Why The Cadillac ATS-V Features A Twin-Turbo V6 Over A V835
The 2018 Cadillac ATS-V is a fine car, and perhaps the best-handling of its rivals. But, the sport sedan and coupe have often carried one thorn: the 3.6-liter LF4 twin-turbo V6 engine.
No slouch, and not a poor performer by any means, the 3.6-liter V6 never matched what the ATS-V’s package offered up. And the car was originally meant to house a 6.2-liter LT1 V8 engine. Cadillac Society reported on Saturday the engineering plans were derailed between 2012 and 2014 under former Cadillac boss Bob Ferguson.
Ferguson reportedly declared the ATS-V must feature a twin-turbo V6 to match the winning formula of the BMW M3 and M4. Thus, the LF4 made its way under the hood and the LT1 was ousted.
The ATS-V quickly just fell in line with the competition, rather than arriving at the party as the bonkers Cadillac CTS-V’s raucous little brother. The CTS-V uses the 6.2-liter LT4 supercharged V8 engine, a derivative of the LT1.
It’s unclear what the future holds for a smaller Cadillac V-series car as the brand moves to replace the ATS, CTS and XTS with two sedans, likely called the CT5 and CT3. But, we’ll never know what the ATS-V could have been with an overhead valve V8 engine.
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Another case of the revolving door on Cadillac leaders.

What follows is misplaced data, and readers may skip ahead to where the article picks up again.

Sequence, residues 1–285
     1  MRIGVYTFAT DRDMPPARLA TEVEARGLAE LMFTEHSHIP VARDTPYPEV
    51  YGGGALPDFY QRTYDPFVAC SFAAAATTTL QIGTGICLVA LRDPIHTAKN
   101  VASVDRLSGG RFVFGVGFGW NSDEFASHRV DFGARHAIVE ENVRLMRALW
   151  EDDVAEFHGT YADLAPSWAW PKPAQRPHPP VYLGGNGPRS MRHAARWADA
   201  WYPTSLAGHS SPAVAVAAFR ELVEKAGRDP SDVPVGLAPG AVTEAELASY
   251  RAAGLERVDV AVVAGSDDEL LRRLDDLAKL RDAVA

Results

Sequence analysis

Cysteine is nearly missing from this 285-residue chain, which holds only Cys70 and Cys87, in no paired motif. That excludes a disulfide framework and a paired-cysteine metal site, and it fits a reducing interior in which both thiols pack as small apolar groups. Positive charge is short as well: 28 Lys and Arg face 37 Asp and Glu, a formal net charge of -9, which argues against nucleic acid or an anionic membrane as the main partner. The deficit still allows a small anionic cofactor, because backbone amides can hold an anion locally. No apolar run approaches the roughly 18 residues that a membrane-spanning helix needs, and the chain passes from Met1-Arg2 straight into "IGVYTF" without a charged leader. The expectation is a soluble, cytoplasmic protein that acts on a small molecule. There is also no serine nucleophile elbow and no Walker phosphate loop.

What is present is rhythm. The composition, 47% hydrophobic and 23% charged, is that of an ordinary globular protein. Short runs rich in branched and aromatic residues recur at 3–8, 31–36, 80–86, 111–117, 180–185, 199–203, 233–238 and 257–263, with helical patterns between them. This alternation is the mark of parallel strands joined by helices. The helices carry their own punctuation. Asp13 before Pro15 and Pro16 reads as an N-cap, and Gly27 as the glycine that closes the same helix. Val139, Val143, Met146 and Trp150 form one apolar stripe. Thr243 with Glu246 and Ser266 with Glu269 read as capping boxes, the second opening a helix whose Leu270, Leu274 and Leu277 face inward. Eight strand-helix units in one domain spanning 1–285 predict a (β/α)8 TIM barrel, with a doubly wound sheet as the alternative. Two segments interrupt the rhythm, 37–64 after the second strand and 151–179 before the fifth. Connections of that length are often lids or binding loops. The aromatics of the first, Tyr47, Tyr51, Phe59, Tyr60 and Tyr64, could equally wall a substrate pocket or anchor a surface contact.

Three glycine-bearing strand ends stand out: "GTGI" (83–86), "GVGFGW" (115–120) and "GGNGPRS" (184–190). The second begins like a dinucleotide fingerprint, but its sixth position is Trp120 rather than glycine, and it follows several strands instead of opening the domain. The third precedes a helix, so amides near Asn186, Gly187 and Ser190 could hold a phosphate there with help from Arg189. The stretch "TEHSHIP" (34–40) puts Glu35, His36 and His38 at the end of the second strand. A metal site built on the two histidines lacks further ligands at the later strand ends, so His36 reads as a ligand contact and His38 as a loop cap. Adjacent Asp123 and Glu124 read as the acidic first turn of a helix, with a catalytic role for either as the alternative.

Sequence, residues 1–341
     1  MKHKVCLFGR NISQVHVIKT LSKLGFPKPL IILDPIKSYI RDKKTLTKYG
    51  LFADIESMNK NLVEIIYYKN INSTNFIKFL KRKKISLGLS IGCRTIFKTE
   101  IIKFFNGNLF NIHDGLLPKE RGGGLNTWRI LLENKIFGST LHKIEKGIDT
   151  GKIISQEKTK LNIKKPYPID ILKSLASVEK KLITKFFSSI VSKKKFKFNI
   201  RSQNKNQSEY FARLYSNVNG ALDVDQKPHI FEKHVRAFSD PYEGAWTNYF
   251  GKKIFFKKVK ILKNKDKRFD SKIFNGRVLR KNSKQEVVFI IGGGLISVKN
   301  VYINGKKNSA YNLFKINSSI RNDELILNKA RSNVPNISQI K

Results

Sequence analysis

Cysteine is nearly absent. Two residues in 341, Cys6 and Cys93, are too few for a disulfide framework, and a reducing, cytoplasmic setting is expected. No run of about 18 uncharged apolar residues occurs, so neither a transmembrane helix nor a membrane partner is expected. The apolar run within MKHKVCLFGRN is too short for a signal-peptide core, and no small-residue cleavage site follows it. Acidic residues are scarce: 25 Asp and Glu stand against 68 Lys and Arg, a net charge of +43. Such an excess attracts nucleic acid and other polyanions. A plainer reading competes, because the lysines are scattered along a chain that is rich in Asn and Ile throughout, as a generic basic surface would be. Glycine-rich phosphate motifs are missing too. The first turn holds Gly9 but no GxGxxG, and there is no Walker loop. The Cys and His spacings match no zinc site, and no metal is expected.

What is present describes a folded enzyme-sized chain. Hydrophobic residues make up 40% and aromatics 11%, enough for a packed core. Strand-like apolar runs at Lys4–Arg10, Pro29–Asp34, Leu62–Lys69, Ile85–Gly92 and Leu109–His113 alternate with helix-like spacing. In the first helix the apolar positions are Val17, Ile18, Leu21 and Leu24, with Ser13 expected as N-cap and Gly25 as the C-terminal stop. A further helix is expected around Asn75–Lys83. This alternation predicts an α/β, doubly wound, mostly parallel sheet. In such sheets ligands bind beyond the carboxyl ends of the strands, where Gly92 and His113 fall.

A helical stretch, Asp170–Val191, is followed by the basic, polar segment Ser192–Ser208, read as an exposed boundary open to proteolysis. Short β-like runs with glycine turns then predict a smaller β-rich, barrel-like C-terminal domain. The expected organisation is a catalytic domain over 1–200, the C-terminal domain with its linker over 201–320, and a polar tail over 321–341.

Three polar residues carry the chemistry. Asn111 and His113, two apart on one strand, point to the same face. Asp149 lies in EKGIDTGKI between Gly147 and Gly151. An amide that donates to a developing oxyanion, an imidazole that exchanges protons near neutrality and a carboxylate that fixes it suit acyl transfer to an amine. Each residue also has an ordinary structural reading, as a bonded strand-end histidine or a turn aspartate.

GM has not given any of the leaders to develop a line and bring it to market. The path has been put plans in motion and then someone else comes in with a plan they did not want. Then cost cutting was tossed into the mid to make it worse.
The V8 would not have changed much but this is a good example of the lack of continuity in leadership Cadillac has suffered.
While I certainly have no gripes about the LF4, a 6.2 would’ve been a nice addition to ATS-V! The LF4 should’ve been, (and quite possibly should be) used as the mid-range powerplant in the ATS and all Cadillac products! I wonder what will become of it once the CT5 debuts….GM seems to be committed to utilizing the corporate NA 3.6 for Cadillac’s mid-range powerplant, and the 3.0TT has yet to used in anything beyond the CT6.
The LF3 and LF4 were one-and-done motors. They will soon be dropped once the CT5 comes out.
The 3.0TT LGW should have been the ATS V-sport motor, while the 6.2 LT1 should have been in the ATS-V. That’s a perfect lineup.
That’s the proper lineup, but I’d go further and suggest the 3.0TT should have been the midrange engine between the 2.0T and the 6.2 LT1.
I have a 3.6 ATS Coupe and the truth is that for the same money one could buy a BMW 2 series coupe with their incredible 3.0T I6. Why didn’t I? Because I bought my ATS used, and due to Cadillac’s stellar depreciation it was far less than a used 2 series coupe.
It’s not only BMW, most ATS rivals feature a superior upgrade engine, usually a forced induction 6 cylinder that gets better mileage than GM’s HFV6. It’s part of the reason the ATS was a failure.
Though I do agree that the up-level, mid-tier engine should have been the 3.0L TT V6 in the ATS, I would definitely not call the ATS a failure.
I’ve had conversations along those lines in the past with others, and it all comes down to this: the ATS made a decent first attempt at taking on its most direct rivals.
Factor in the fact that the ATS is/was a first-generation product in its space (the D segment) and that it was developed on a very tight budget, and the word “failure” should never be written in the same sentence as the ATS.
Another reason is that the TTV6 helped with weight distribution. That said, I think a SBC Cadillac (a Camaro for adults) would have sod better.